Semin intervent Radiol 2018; 35(02): 81-82
DOI: 10.1055/s-0038-1651498
Thieme Medical Publishers 333 Seventh Avenue, New York, NY 10001, USA.

As an Observer of Interventional Radiology

Charles E. Ray Jr.
1  Department of Radiology, University of Illinois Hospital and Health, Sciences System, Chicago, Illinois
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Publication History

Publication Date:
04 June 2018 (online)

I recently attended a one-day hands-on interventional radiology (IR) symposium held at the medical college at Emory. I was there as an observer, and it was a meaningful experience for several reasons, and perhaps some type of theme will fall into place as I try to put my thoughts in writing. The event was all about gaining a hands-on experience, and there were no lectures – only welcoming comments by SIR leadership and an Emory mentor. The morning was then handed back to the students, who took off with it. They were all assigned to a work table staffed by one of the 17 vendors who were in attendance to show their wares, and rotated every 10 minutes or so to see all of the device manufacturers in attendance. The industry partners who showed up were an eclectic and diverse group. Everyone from Y90 vendors to suction thrombectomy vendors to embolization vendors and beyond were present. It was a full morning for these students and one I am quite sure they will not soon forget.

As an observer, I was struck by many things. First of all, the energy of the event was amazing. As one would expect, the students were anxious with anticipation to get whatever experience they could with the devices. I am convinced that there is nothing that sets the hook for our field like the tools and techniques that we use and perform. While we are all, appropriately, focused on moving our field into that of a more “clinical” identity, the procedures that we perform still define us. Personally, I see nothing wrong with this. If I wanted to be a physician who primarily works in a clinic, then I would have gone into family medicine or pediatrics (well, okay, maybe not the latter as adolescents give me the willies). The procedures that we perform have led to a multibillion dollar medical device industry, and the evolution of these devices is staggering. The excitement for learning about these procedures and the devices necessary to perform them raises a similar level of excitement for this observer as well.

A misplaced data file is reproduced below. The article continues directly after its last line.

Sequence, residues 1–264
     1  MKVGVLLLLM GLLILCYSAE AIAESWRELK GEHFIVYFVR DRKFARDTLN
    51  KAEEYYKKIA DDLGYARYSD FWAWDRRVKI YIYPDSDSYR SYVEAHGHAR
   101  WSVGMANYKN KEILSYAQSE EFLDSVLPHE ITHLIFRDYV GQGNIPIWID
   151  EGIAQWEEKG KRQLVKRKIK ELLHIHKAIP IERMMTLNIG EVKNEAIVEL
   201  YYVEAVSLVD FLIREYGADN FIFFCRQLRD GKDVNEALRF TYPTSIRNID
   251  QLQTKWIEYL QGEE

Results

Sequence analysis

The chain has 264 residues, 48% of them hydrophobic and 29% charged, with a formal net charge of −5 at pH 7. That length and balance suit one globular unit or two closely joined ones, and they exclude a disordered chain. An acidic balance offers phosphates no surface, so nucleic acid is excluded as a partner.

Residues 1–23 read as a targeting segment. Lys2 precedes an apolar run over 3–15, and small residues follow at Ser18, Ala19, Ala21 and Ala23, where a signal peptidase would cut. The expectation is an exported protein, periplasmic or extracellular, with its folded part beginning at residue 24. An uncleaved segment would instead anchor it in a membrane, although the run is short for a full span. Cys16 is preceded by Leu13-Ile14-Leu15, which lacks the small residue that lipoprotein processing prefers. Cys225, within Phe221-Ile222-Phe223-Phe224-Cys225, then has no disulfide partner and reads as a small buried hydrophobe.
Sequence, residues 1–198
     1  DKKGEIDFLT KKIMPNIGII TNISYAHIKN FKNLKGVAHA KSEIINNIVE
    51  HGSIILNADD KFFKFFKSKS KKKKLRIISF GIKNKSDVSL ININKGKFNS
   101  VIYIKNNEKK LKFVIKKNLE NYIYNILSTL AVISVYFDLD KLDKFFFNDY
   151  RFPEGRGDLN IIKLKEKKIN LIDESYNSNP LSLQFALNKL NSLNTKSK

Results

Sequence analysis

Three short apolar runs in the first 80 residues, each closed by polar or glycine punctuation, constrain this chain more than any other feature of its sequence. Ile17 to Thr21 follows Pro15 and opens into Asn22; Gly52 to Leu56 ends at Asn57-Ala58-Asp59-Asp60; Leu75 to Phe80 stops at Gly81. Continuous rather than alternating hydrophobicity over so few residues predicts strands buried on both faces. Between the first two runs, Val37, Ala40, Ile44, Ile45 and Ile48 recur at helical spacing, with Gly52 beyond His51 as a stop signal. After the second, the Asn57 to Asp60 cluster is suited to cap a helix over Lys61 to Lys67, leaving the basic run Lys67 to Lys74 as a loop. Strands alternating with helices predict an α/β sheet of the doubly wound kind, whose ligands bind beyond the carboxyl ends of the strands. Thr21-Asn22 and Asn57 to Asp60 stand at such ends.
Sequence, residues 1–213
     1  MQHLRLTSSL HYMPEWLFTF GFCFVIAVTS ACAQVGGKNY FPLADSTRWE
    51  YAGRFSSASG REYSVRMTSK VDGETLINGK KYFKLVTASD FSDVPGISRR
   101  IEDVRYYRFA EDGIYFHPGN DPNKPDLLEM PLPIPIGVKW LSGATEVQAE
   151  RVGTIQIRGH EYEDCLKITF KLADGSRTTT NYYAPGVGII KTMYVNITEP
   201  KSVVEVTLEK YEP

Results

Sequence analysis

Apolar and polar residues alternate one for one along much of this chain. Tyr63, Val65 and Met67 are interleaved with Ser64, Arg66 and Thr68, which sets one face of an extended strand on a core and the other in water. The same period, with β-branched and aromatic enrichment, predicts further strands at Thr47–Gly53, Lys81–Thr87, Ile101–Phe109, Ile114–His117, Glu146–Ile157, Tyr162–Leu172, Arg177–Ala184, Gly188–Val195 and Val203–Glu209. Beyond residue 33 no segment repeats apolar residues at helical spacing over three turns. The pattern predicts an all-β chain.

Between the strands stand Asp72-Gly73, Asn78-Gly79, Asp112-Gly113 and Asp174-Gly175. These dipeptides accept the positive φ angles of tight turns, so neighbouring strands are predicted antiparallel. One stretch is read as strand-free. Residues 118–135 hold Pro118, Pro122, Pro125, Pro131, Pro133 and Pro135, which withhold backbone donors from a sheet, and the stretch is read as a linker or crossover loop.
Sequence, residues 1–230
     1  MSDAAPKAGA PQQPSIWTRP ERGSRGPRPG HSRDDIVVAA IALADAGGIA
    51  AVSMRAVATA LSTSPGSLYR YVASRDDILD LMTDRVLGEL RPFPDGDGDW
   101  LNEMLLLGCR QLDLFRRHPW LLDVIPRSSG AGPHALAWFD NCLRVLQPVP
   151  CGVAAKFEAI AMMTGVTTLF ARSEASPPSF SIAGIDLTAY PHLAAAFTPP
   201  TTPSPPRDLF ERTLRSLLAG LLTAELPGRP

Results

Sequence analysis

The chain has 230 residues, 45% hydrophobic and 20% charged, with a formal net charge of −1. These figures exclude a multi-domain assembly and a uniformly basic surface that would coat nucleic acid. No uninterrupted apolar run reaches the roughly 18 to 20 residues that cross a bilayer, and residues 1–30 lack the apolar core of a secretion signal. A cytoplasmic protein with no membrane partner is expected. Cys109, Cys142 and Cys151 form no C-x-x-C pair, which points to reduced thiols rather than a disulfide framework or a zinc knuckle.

Second, I was impressed with the dedication to learning about, and teaching about, what we do in our field. These students were not just Emory students, but they were students across Atlanta, across the state, and indeed across the nation. There were I would guess over 50 students present, and some traveled from a distance great enough to require a plane trip. This was intended to be, I would guess, a local event but word spread widely through social media. It truly took on a life of its own.

It was not just the students who were dedicated to learning this stuff, but it was also the faculty mentors who showed up and were instrumental in teaching the next generation of physicians who were so impressive. One faculty member in particular, Zack Bercu, impressed me greatly. He was as giddy as the students he was teaching, and wanted to talk about the event in detail. He was, as all good teacher are, deflecting all kudos to the student organizers, but one could tell that his leadership in setting the event into motion was vital to its success. It was refreshing to see and energizing to watch. Another faculty mentor also was intimately involved in the planning process (Janice Newsome) also showed up as a practicing IR for the event. Remember, this was a Saturday morning, and time taken away from family and other aspects of their own lives. There was not a hint of regret at doing this, and while I would like to say that my response would have been the same had I been in their shoes, I have my suspicions.

Finally, there was the diversity of the students that I myself found exciting. There was diversity of gender and race, diversity of stage of their career with nearly all levels of medical student training represented (including one individual who had already matched into a diagnostic, not interventional, residency program). There was geographic diversity, as already mentioned. And lastly, there was diversity of education, with at least one engineering student in attendance. This was particularly exciting to me – the reach of IR going beyond our normal confines into the realm of engineering, business, nursing, whatever.

I fear that I have probably failed in getting my thoughts together in a cohesive manner. In fact, I'm not even certain how to title this missive. But the experience made me feel even more positive about the future of IR than I already was when I stepped through the doors. I did not think that was even possible – but I thank everyone who organized and participated in the event for that gift of observation.